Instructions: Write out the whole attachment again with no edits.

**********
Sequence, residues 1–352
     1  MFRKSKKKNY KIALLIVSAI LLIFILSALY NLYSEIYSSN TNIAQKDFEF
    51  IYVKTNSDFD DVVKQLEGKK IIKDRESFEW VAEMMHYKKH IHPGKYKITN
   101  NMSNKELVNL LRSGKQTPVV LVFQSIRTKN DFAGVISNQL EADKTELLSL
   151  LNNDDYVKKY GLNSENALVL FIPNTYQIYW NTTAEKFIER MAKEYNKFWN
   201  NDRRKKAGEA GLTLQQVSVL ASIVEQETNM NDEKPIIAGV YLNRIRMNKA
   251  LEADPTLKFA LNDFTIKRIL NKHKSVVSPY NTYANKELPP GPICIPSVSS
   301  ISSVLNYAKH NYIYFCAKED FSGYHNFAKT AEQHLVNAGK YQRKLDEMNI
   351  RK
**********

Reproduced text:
Sequence, residues 1–352
     1  MFRKSKKKNY KIALLIVSAI LLIFILSALY NLYSEIYSSN TNIAQKDFEF
    51  IYVKTNSDFD DVVKQLEGKK IIKDRESFEW VAEMMHYKKH IHPGKYKITN
   101  NMSNKELVNL LRSGKQTPVV LVFQSIRTKN DFAGVISNQL EADKTELLSL
   151  LNNDDYVKKY GLNSENALVL FIPNTYQIYW NTTAEKFIER MAKEYNKFWN
   201  NDRRKKAGEA GLTLQQVSVL ASIVEQETNM NDEKPIIAGV YLNRIRMNKA
   251  LEADPTLKFA LNDFTIKRIL NKHKSVVSPY NTYANKELPP GPICIPSVSS
   301  ISSVLNYAKH NYIYFCAKED FSGYHNFAKT AEQHLVNAGK YQRKLDEMNI
   351  RK